# Resolve returns False on two contradicting statements

I'm trying to prove an inequality using Mathematica. This is the code leading to the inequality:

T = {{0, pbl*pcharge, 0}, {1, 1 - pbl, psh}, {0, pbl*(1 - pcharge),
1 - psh}};
vecs = Eigenvectors[T];
val = Eigenvalues[T];
pfull = Simplify[(1/(1 + vecs[[1]][[1]] + vecs[[1]][[2]]))];
pbl1 = (1 - phigh)*beta/(lowcons + (1 - pfull - pdead)*M);
psh1 = phigh*(highcons - beta)/(pfull*M);
sols = Simplify[Solve[pbl1 == pbl && psh1 == psh, {pbl, psh}]];
pshex2[highcons_, lowcons_, beta_, phigh_, pcharge_, M_] =
Simplify[sols[[All, 2, 2]]];


However, when I try to use Resolve[] to see if the inequality is true, both the inequality and its negation are resolved as false:

Resolve[ForAll[{highcons, lowcons, beta, phigh, pcharge, M},
highcons > beta > lowcons > 0 && 0 < phigh < 1 && 0 < pcharge < 1 &&
M > 0, D[pshex2[highcons, lowcons, beta, phigh, pcharge, M], M] <=
0], Reals]
Out[1714]= False

Resolve[Exists[{highcons, lowcons, beta, phigh, pcharge, M},
highcons > beta > lowcons > 0 && 0 < phigh < 1 && 0 < pcharge < 1 &&
M > 0, D[pshex2[highcons, lowcons, beta, phigh, pcharge, M], M] >
0], Reals]
Out[1715]= False


Also, FindInstance[] is not able to find an example for the second statement. Is there anything I am doing wrong? I'm very new to Mathematica.

• bugs is a special tag that is supposed to be added only by someone else than the original poster, after verifying the issue. Please do not add this tag to your own posts. – Szabolcs Oct 10 '16 at 8:05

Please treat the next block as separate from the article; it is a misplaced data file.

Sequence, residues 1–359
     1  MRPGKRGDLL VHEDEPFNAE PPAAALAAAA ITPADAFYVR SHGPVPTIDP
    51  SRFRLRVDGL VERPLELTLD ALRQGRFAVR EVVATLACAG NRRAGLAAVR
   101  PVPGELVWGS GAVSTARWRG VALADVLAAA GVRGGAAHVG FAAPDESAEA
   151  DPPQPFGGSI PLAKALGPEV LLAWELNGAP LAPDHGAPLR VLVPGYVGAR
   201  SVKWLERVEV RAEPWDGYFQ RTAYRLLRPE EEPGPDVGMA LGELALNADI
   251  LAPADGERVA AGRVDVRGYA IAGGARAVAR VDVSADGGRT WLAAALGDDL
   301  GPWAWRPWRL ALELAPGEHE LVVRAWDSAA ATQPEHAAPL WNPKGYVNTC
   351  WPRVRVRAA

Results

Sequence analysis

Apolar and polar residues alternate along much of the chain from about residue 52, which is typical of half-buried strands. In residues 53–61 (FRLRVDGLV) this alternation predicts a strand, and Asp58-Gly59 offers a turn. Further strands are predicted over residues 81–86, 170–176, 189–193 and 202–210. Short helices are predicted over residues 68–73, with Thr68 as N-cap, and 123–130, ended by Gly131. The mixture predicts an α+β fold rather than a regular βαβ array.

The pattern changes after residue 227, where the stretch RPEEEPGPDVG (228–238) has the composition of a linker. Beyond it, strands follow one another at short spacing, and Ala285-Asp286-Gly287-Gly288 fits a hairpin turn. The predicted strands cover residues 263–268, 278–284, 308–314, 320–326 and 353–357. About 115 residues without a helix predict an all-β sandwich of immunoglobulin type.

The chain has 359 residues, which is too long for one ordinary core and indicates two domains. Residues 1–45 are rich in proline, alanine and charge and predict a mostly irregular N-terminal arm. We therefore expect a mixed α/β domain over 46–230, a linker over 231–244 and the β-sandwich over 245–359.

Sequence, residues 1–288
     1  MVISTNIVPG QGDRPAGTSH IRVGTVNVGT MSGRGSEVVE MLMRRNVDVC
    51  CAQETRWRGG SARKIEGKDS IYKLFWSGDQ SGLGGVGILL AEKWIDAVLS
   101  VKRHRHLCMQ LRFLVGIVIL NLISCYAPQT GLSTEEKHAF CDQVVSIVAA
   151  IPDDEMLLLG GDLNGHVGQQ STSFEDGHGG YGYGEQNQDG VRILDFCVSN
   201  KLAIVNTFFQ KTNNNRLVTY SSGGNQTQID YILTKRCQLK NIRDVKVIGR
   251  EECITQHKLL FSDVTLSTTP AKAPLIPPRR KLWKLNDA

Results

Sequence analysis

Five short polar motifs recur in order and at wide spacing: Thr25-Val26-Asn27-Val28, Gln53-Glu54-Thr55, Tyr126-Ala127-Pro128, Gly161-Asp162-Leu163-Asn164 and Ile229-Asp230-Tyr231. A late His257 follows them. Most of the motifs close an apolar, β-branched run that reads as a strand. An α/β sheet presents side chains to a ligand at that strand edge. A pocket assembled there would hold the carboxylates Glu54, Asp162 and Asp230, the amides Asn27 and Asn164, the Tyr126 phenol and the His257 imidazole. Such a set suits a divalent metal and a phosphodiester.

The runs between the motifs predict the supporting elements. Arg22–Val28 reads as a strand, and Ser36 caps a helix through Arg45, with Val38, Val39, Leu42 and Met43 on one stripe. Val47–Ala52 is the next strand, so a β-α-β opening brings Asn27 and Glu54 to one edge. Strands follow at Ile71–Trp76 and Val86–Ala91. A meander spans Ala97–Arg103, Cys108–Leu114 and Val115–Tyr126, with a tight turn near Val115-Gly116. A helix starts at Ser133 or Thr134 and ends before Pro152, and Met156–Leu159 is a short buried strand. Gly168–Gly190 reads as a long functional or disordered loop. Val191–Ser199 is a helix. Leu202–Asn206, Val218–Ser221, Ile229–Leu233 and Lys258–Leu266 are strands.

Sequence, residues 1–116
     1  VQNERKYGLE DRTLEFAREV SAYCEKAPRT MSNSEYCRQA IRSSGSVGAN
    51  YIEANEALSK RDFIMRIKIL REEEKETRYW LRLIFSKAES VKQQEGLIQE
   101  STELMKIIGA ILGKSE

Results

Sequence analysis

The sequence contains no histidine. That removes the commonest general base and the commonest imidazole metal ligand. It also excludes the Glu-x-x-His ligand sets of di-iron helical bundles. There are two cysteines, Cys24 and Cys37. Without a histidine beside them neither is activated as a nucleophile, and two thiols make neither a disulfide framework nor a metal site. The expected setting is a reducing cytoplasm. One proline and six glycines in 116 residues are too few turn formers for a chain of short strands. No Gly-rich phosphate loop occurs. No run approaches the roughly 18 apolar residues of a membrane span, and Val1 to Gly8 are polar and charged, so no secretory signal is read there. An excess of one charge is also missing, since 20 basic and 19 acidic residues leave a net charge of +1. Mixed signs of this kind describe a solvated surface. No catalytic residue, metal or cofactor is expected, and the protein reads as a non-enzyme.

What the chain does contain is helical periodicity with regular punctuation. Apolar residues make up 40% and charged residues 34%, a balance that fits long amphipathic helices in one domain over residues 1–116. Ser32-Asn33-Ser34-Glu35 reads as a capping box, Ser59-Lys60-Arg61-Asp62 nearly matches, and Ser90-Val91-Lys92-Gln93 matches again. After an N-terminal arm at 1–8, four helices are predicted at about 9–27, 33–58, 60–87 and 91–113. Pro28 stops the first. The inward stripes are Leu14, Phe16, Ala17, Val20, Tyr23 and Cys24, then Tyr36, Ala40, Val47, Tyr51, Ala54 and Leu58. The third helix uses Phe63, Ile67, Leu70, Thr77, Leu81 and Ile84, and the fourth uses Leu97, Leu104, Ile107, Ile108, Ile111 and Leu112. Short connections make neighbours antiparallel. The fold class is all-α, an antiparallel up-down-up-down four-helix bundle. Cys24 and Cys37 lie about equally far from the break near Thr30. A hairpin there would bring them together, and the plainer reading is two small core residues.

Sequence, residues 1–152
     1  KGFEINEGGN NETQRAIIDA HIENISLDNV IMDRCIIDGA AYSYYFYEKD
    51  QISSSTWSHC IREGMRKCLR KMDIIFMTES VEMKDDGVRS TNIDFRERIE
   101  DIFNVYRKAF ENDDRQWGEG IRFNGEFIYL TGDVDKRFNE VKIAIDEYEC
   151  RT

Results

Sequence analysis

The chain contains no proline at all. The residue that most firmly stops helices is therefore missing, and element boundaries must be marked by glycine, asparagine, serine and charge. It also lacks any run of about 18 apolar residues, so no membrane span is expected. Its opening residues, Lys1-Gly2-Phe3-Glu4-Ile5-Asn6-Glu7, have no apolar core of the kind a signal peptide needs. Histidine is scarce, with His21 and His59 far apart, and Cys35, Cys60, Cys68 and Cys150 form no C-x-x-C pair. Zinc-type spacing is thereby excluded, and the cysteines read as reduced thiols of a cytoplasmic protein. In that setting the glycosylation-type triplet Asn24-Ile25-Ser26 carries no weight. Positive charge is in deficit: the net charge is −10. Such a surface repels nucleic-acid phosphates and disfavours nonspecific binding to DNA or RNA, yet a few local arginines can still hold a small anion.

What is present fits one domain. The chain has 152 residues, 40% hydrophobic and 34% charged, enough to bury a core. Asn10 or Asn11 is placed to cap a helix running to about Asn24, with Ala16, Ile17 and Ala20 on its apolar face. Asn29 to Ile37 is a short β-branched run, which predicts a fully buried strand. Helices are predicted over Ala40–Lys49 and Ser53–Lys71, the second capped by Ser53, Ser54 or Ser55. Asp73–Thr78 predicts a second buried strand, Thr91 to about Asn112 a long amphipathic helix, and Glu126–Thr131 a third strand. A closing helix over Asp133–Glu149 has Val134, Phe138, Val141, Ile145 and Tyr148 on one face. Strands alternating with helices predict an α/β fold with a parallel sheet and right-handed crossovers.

• It does look like a bug to me, please report this to Wolfram Support. – Szabolcs Oct 10 '16 at 9:03
• Sorry! I didn't know that. Sent the issue to Wolfram Tech Support. – Venomouse Oct 10 '16 at 10:37

I found your example a bit hard to follow, so let's write in a form which is more explicit:

expr = First@D[pshex2[highcons, lowcons, beta, phigh, pcharge, M], M];

cond = highcons > beta > lowcons > 0 && 0 < phigh < 1 && 0 < pcharge < 1 && M > 0;


In version 10.0.2 or later (up to 11.0.1):

Resolve[ForAll[Evaluate@Variables[expr], cond, expr <= 0], Reals]
(* False *)

Resolve[Not@ForAll[Evaluate@Variables[expr], cond, expr <= 0], Reals]
(* False *)

Resolve[Exists[Evaluate@Variables[expr], cond, expr > 0], Reals]
(* False *)


ForAll is (surprisingly!) HoldAll so Evaluate was necessary int he first argument.

The second input above is literally the same as the first one except for wrapping the ForAll in Not.

The conditions are clearly fine and there are many combinations of values that satisfy them (FindInstance[cond, Variables[expr]]).

In version 9.0.1:

Resolve[ForAll[Evaluate@Variables[expr], cond, expr <= 0], Reals]
(* True *)

Resolve[Not@ForAll[Evaluate@Variables[expr], cond, expr <= 0], Reals]
(* False *)

Resolve[Exists[Evaluate@Variables[expr], cond, expr > 0], Reals]
(* False *)


It seems clear that there's a bug in v10.0.2 – 11.0.1. Is the result by v9.0.1 correct? That I do not know.

• Thank you for checking this out! Can you please explain why Variables is needed to be used inside Evaluate? – Venomouse Oct 10 '16 at 10:49
• @Venomouse Because ForAll has the HoldAll attribute, which I find quite weird for a symbolic processing function ... I asked about this here, and included examples that show what would happen without Evaluate: community.wolfram.com/groups/-/m/t/937146 – Szabolcs Oct 10 '16 at 10:51

Note that expr is a rational function. If the denominator of expr is zero, then the inequality expr<=0 is neither true nor false -- it is undefined. Hence it is not true that for all values of variables that satisfy cond the inequality expr<=0 is true. If we add the condition Denominator[expr]!=0 then we get the expected result.

Resolve[ForAll[Evaluate@Variables[expr], cond && Denominator[expr]!=0, expr <= 0], Reals]
(* True *)

Resolve[Not@ForAll[Evaluate@Variables[expr], cond && Denominator[expr]!=0, expr <= 0], Reals]
(* False *)